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Debate Preview: Looking Tough, but Not Too Tough, on Foreign Policy

Douglas Graham/CQ Roll Call

Romney has said repeatedly that he will prevent Tehran from acquiring nuclear weapons capability, as opposed to Obama’s pledge to prevent Iran from developing an actual nuclear weapon. But both refuse to say what Iranian action would trigger a U.S. military response. Romney has said his “red line” for Iran is the same as Obama’s and that he believes the confrontation with Iran can be solved without the use of force — a position that tracks with that of the administration.

The difference, according to Romney’s running mate Paul Ryan, is about having a credible threat of military force. “Under a Romney administration, we will have credibility on this issue,” the Wisconsin Republican said in the vice presidential debate.

A New York Times story, meanwhile, detailing talks between the United States and Iran that would take place after the elections, seemed to give some credence to the White House position that its policy on Iran of tough sanctions and engagement is working, although the White House denied that there was such a deal. But the presidents’ advisers on Sunday pointed to the plummeting Iranian currency under tough new sanctions this year as a sign the president’s policies are working, which they credited to Obama’s rallying the world against the Iranian regime.

Other Middle East hot spots are sure to get airtime tonight, including Israel, Syria and Libya.

In his bid to attract the country’s evangelical Christian voters and Jewish support, Romney has accused the president of “throwing Israel under the bus” on issues ranging from Iran to peace talks with the Palestinians. He also has said he would arm the rebels fighting to overthrow Syrian President Bashar-al Assad, and he says he would send a U.S. aircraft carrier into the eastern Mediterranean to bolster U.S. forces in confronting Iran.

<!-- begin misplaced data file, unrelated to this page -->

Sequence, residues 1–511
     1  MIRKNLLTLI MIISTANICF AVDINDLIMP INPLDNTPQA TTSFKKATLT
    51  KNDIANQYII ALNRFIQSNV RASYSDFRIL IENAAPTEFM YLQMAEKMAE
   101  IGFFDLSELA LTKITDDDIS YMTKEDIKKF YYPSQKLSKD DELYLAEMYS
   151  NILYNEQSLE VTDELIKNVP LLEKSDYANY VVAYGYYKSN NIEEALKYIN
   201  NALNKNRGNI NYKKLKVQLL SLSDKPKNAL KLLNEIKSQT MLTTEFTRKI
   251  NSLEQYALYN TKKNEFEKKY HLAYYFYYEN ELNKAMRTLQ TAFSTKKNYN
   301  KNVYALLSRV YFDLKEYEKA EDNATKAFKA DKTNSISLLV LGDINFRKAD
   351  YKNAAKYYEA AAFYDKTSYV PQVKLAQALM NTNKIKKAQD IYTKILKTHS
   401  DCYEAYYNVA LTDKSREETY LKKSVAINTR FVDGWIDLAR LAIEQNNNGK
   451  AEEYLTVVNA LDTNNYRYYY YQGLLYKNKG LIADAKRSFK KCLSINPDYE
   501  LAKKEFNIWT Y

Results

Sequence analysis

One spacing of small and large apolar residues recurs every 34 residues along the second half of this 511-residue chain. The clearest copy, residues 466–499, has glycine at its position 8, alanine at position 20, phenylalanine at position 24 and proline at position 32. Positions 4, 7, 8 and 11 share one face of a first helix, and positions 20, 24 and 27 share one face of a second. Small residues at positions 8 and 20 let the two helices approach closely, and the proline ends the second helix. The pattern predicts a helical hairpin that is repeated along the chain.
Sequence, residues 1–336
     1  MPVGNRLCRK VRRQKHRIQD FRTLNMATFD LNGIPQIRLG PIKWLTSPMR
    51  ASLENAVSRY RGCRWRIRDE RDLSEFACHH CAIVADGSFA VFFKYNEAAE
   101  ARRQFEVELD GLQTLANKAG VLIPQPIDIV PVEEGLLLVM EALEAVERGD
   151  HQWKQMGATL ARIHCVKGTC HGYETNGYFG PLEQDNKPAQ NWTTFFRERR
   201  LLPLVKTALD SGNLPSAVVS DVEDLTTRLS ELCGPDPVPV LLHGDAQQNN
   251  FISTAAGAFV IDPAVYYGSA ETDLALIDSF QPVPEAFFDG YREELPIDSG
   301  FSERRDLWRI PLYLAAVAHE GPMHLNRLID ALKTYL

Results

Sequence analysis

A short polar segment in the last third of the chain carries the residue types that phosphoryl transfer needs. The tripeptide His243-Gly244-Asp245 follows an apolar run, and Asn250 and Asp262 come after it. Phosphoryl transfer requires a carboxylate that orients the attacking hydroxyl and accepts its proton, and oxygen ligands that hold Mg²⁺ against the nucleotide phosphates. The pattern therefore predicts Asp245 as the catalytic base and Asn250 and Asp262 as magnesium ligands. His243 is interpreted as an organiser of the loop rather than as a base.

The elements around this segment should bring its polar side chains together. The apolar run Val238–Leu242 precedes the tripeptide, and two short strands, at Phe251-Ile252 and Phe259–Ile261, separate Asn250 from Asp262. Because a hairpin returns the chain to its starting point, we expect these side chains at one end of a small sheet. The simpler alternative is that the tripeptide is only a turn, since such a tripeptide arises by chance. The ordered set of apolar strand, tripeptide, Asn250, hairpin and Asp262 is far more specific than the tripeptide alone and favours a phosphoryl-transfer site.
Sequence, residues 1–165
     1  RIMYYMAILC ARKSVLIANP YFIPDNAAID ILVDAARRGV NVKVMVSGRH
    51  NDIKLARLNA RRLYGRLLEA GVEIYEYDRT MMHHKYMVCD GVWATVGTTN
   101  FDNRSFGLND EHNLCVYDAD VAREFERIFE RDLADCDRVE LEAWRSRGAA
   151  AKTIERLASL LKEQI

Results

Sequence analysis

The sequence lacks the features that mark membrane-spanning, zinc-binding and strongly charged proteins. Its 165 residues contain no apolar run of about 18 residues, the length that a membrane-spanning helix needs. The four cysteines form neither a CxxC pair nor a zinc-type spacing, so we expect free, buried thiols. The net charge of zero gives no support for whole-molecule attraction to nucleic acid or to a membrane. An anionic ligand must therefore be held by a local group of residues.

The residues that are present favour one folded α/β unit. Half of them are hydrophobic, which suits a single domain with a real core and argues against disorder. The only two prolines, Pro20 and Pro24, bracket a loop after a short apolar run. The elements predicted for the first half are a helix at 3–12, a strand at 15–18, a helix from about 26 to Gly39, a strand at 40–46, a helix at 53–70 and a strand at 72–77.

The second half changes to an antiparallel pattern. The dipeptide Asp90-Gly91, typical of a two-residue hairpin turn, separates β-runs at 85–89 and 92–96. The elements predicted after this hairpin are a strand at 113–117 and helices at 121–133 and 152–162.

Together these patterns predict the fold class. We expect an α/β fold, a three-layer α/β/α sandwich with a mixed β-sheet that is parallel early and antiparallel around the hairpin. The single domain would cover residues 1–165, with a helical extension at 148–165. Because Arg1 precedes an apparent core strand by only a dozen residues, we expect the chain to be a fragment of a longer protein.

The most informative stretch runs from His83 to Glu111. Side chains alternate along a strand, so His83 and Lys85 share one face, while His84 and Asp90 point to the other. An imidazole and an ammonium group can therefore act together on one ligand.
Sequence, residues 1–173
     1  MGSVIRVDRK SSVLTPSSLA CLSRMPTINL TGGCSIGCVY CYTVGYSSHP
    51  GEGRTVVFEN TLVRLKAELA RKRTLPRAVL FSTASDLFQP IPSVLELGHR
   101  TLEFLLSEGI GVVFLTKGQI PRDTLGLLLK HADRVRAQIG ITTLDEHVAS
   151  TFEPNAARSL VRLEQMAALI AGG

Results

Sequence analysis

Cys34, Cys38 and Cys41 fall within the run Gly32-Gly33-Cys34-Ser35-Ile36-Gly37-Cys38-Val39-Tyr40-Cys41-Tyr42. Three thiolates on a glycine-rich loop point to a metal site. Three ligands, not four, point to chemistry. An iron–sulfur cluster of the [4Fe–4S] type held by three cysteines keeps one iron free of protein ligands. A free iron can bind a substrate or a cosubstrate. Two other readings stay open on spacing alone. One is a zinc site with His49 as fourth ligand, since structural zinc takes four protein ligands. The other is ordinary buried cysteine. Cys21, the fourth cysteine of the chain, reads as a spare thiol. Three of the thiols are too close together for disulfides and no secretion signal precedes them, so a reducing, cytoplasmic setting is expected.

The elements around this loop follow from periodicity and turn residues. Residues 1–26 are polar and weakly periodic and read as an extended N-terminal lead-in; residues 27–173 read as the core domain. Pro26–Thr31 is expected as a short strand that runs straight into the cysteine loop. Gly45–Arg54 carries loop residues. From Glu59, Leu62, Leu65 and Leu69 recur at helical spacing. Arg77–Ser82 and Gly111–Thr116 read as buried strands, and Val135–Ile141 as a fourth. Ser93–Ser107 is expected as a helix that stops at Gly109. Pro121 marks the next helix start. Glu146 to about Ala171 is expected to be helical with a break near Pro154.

Both support a transition to democracy in the wake of the revolutions that swept the region last year. But both are wary of Islamic extremists taking advantage of the political turmoil.

Obama’s efforts to restart peace talks between Israel and the Palestinians foundered when Israeli Prime Minister Benjamin Netanyahu refused to halt Jewish settlement construction in the West Bank. It is far from clear whether Obama would try to revive the peace process in a second term. In private, Romney has said he views the Israeli-Palestinian conflict as irreconcilable and would manage it as best as possible, as opposed to trying to resolve it. And Romney’s trip to Israel this summer infuriated Palestinians after he suggested the economic disparity between Israelis and Palestinians was due to “culture.”

Obama has adopted a cautious approach to the civil war in Syria, providing rebels there with non-lethal assistance, such as communications and medical equipment. But the administration is reluctant to provide the rebels with weapons because it can’t be sure whether they would end up in the hands of anti-Western Islamist fighters.

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